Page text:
Renal tubular acidosis RTA is a tubular defect of acid-base regulation. This condition is characterized by alkaline pH of the urine with acidic blood plasma pH, which causes depletion of potassium and bicarbonate ions. Typically, secondary muscle and bone weakness occurs due to the profound electrolyte and mineral imbalance, especially from hypokalemia. Renal tubular acidosis can be classified as a primary disorder, such as a proximal tubular defect associated with Fanconi's syndrome or...

Calculations in Arterial Blood Gas Analysis

Given arterial pH and Pco2, the formula to solve for bicarbonate is derived as follows pH pKa log HC03- Pco2 X 0.0301 pH - pKa log HCO3 H2CO3 inv. log pH - pKa HC03- H2C03 inv. log pH - pKa X H2CO3 HCO3- For example, calculate HCO3- given pH 7.50 and Pco2 of 30 mm Hg. 7.50 6.1 log HC03- 30 X 0.0301 7.50 6.1 log HC03- 0.9 1.4 log HC03- 0.9 inv. log 1.4 HC03- 0.9 25 HC03- 0.9 25 X 0.9 HC03- 23 mmol L Base excess BE is best determined from a nomogram or the van Slyke equation. Case Scenario 9-1...

Analysis Of Oxygenation

Oxyhemoglobin O2Hb can be measured using a co-oximeter, a dedicated spectrophotometer. Oxyhemoglobin exhibits peak absorbance at 585 and 540 nm, while deoxyhemoglobin HHb peaks at 594 nm. Total hemoglobin is generally a sum of oxyhemoglobin and deoxyhemoglobin. The formula used to calculate SO2 is the proportion of oxyhemoglobin within the total hemoglobin concentration. In this formula, c represents concentration and Hb represents hemoglobin. Total hemoglobin SO2 cO2Hb cO2Hb Errors in this...

Test Methodology 42 Ketones

This method uses a sodium nitroprusside reagent that also contains glycerine, disodium phosphate, and lactose. Sodium nitroprusside acetoacetic acid acetone lavender color False-positive reactions are due to medications such as L-dopa, methyldopa, 8-hydroxyquinoline, and phenolphthaleins. False-negative reactions can occur due to exceeding linearity of reaction. Dilutions of suspected highly positive results are required to verify actual reaction. False-negative reactions are also due to...

Medical Decision Limits

True positive - result at or above the decision limit in a patient who has the disease false positive - result at or above the decision limit in a patient who does not have the disease true negative - result below the decision limit in a patient who does not have the disease false negative - result below the decision limit in a patient who has the disease Along with determining the reference ranges to correlate with absence of disease, it is also helpful for physicians to have a cutoff value to...

Analysis of Carboxyhemoglobin

Detection of CO can be 1 indirectly through the release of CO gas and measurement in a Conway microdiffusion system, 2 directly through the release of CO gas from the hemoglobin complex using gas chromatography, or 3 by estimation of carboxyhemoglobin by absorbance peaks. The Conway microdiffusion system is a qualitative method for screening for CO gas poisoning. This method is rarely used since it has poor specificity and sensitivity. A more definitive carboxyhemoglobin method is needed for...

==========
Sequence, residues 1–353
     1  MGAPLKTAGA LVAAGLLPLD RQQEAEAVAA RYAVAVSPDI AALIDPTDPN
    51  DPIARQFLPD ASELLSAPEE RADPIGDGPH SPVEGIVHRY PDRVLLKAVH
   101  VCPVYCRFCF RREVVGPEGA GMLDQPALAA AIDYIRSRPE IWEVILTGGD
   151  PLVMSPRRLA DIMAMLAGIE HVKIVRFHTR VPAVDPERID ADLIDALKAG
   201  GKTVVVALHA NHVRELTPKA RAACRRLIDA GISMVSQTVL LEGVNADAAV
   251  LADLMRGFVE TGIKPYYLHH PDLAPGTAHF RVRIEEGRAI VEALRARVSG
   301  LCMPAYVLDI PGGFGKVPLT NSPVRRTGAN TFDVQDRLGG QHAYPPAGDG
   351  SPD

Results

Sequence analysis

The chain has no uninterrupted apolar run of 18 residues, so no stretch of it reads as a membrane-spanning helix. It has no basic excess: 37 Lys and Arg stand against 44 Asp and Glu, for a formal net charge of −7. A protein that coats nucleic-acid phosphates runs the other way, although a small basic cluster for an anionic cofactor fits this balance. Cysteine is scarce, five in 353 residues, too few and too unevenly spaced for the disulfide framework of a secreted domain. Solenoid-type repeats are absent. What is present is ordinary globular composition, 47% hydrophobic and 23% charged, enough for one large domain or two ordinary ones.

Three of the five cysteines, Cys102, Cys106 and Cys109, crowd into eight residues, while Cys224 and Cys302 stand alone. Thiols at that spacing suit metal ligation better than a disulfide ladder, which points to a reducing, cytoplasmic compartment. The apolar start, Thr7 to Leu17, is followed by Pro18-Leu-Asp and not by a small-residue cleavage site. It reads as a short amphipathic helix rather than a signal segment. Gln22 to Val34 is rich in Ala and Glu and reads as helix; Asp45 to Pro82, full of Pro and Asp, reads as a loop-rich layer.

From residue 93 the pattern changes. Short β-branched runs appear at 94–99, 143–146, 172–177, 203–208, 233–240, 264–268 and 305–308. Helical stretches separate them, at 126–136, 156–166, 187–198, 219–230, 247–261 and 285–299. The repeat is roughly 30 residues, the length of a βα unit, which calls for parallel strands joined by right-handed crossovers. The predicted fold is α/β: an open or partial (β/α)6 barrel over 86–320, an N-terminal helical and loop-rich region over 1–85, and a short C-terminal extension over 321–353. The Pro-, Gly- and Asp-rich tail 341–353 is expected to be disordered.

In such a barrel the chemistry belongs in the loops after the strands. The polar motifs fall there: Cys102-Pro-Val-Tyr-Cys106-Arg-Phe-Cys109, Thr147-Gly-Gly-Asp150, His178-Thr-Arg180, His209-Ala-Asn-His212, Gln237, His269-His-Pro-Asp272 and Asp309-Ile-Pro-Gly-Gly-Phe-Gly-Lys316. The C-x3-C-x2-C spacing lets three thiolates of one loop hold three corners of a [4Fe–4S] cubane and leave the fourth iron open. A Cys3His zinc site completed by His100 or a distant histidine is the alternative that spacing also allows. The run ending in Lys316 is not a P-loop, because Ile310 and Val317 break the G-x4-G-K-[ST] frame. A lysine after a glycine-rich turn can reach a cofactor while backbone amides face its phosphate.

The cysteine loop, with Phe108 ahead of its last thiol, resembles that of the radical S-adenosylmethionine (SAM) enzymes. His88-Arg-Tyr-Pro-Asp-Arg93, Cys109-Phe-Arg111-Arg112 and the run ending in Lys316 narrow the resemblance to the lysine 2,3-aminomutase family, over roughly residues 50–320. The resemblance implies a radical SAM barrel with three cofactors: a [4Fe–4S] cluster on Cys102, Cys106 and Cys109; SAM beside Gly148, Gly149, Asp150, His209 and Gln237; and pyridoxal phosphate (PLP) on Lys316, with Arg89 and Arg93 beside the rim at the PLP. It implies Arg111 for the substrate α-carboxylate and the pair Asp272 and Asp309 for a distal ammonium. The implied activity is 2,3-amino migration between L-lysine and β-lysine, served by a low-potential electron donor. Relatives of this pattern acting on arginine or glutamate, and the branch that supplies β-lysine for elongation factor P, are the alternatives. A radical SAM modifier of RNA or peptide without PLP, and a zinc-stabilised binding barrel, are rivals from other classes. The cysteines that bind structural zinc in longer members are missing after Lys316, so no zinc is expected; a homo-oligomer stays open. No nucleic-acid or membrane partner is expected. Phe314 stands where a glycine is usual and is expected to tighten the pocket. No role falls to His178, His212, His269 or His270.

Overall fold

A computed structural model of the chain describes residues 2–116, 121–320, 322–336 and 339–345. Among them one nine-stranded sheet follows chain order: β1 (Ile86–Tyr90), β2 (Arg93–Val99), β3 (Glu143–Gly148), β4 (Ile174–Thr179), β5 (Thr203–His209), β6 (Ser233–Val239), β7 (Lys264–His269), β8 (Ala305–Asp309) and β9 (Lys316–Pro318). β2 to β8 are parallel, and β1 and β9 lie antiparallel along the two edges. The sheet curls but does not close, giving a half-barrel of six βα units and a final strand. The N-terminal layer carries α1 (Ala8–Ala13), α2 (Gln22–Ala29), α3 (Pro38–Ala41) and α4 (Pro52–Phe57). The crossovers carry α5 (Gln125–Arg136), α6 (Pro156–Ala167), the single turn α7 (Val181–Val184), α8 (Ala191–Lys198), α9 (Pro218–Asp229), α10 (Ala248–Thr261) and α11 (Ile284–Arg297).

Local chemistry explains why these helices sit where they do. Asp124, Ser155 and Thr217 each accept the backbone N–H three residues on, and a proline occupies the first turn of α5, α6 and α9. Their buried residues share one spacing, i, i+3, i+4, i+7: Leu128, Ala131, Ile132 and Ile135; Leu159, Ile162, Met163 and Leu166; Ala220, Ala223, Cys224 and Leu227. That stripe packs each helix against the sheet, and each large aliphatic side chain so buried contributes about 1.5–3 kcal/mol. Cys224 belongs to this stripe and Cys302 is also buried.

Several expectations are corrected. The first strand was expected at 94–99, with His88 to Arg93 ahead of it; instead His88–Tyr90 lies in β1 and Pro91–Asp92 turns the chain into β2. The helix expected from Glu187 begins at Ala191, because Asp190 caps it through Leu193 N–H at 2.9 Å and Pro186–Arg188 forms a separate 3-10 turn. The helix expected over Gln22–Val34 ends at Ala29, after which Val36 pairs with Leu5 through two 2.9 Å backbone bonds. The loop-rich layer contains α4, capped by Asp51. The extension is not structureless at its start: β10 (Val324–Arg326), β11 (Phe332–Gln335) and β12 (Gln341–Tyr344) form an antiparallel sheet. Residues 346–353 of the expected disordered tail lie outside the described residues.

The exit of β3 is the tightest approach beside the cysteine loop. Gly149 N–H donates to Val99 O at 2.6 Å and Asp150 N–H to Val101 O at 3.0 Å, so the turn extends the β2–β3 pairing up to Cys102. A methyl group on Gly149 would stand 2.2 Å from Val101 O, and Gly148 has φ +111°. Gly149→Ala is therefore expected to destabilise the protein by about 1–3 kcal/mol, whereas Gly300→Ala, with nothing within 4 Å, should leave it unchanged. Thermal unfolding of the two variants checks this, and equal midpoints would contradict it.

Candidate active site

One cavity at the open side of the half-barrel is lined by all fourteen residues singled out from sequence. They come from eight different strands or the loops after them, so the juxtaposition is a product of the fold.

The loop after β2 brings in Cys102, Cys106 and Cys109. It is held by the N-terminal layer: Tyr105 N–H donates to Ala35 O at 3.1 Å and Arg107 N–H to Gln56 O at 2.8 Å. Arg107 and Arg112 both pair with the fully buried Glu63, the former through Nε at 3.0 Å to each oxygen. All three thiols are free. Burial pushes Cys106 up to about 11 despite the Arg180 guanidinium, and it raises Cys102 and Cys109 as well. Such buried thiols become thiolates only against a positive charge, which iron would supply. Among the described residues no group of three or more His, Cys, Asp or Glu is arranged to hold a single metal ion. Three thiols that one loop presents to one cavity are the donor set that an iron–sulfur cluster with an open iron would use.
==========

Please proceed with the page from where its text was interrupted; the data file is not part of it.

Methodology For Diabetes And Exercises

As you consider the scenarios presented in this chapter, answer the following questions 1. Describe the Clinical Practice Guidelines of the American Diabetes Association for the diagnosis of type 1 diabetes, type 2 diabetes, and gestational diabetes. 2. Discuss test specificity for the common methods for analyzing blood glucose. 3. Describe the evidence that indicates that control of blood glucose levels will reduce the severe consequences of diabetes. 4. Explain the use of the measurement of...

Test Methodology 76 Alkaline Phosphatase

Analysis of alkaline phosphatase ALP can be achieved by the modified method of Bowers and McComb10 4-nitrophenyl phosphate H2O ALP, Mg2 , pH 10-3 4-nitrophenoxide Measure an increase in absorbance at 405 nm at 37 C either as endpoint or continuous monitoring. The ALP level U L is calculated using the following formula If 3.0 mL total volume and 0.1 mL sample volume are used, the activity factor is 1604. For example AA min X 1604 0.035 X 1604 56D U L The Specimen Serum or heparinized plasma less...

Chapter 2 Chapter 3 Chapter 4 Chapter 5 Chapter 6 Chapter 7 Chapter 8 Chapter 9 Chapter 10 Chapter 11 Chapter 12

Jean Brickell, Wendy Arneson, and Diana Mass Margaret Crellin, Marian Cavagnaro, and Wendy Arneson Laboratory Techniques and Instrumentation, 79 Diabetes and Other Carbohydrate Disorders, 147 Jean Brickell, Vicki Freeman, and Wendy Arneson Hemoglobin Production Disorders and Testing, 179 Assessment of Cardiovascular Disorders, 267 Assessment of Respiratory Disorders, 301 Assessment of Nutrition and Digestive Function, 333 Endocrine Disorders and Function, 371 Wendy Arneson, Karen Chandler, and...

Other Laboratory Test Results That Correspond With Liver Disorders

Beta Gamma Bridging

Since the majority of proteins found in plasma are synthesized by the liver from amino acids, including serine protease coagulation factors, prothrombin time, serum albumin, and serum protein electrophoresis results can be used to indicate declining liver function. For example, serum albumin decreases and prothrombin time becomes prolonged with liver failure. Protein levels also reflect other disorders, such as those in which essential amino acids are not provided by the diet or in which...

Ldh Test Methodology

All cytoplasmic membranes of all cells of the body, especially in osteoblasts bone-forming cells , intestinal mucosa, placenta, and renal tubules. Table 7-3 summarizes tissue origins of key liver enzymes. Methods of analysis for transaminases are presented in Test Methodology 7-4, and for GGT in Test Methodology 7-5. TEST METHODOLOGY 7-4. TRANSAMINASES1 Aspartate Transaminase Analysis of aspartate transaminase AST can be achieved by a coupled reaction involving pyridoxal-5'-phosphate P-5'-P and...

Shl Methodology

As you consider the scenarios presented in this chapter, answer the following questions 1. What are the physiological sources of creatinine, uric acid, and urea 2. What considerations should be made for specimen collection and handling of specimens for serum sodium, potassium, and creatinine and urine creatinine testing 3. How can creatinine clearance results be used in the differential diagnostic causes of renal insufficiency in a patient 4. Differentiate typical laboratory results of renal...